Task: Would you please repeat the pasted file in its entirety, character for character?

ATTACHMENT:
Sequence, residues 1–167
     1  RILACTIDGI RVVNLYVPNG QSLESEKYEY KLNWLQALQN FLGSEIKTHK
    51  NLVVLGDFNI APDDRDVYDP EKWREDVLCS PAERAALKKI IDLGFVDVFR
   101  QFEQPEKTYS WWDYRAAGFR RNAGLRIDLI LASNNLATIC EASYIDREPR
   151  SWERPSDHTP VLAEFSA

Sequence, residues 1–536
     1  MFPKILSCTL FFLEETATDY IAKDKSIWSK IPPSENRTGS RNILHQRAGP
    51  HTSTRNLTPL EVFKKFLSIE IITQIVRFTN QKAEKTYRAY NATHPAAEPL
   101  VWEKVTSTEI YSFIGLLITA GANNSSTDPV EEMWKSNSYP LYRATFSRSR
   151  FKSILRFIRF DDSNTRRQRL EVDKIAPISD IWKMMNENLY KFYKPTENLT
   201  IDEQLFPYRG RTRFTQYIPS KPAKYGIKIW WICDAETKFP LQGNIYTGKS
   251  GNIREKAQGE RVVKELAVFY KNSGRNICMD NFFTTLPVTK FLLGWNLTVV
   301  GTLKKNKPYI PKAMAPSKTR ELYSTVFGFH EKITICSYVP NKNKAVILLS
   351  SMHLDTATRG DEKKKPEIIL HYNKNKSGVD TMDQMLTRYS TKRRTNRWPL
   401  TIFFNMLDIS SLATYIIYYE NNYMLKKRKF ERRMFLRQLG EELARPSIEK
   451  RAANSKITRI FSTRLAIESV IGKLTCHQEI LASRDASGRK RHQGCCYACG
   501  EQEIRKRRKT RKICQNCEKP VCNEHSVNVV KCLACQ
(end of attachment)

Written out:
Sequence, residues 1–167
     1  RILACTIDGI RVVNLYVPNG QSLESEKYEY KLNWLQALQN FLGSEIKTHK
    51  NLVVLGDFNI APDDRDVYDP EKWREDVLCS PAERAALKKI IDLGFVDVFR
   101  QFEQPEKTYS WWDYRAAGFR RNAGLRIDLI LASNNLATIC EASYIDREPR
   151  SWERPSDHTP VLAEFSA

Sequence, residues 1–536
     1  MFPKILSCTL FFLEETATDY IAKDKSIWSK IPPSENRTGS RNILHQRAGP
    51  HTSTRNLTPL EVFKKFLSIE IITQIVRFTN QKAEKTYRAY NATHPAAEPL
   101  VWEKVTSTEI YSFIGLLITA GANNSSTDPV EEMWKSNSYP LYRATFSRSR
   151  FKSILRFIRF DDSNTRRQRL EVDKIAPISD IWKMMNENLY KFYKPTENLT
   201  IDEQLFPYRG RTRFTQYIPS KPAKYGIKIW WICDAETKFP LQGNIYTGKS
   251  GNIREKAQGE RVVKELAVFY KNSGRNICMD NFFTTLPVTK FLLGWNLTVV
   301  GTLKKNKPYI PKAMAPSKTR ELYSTVFGFH EKITICSYVP NKNKAVILLS
   351  SMHLDTATRG DEKKKPEIIL HYNKNKSGVD TMDQMLTRYS TKRRTNRWPL
   401  TIFFNMLDIS SLATYIIYYE NNYMLKKRKF ERRMFLRQLG EELARPSIEK
   451  RAANSKITRI FSTRLAIESV IGKLTCHQEI LASRDASGRK RHQGCCYACG
   501  EQEIRKRRKT RKICQNCEKP VCNEHSVNVV KCLACQ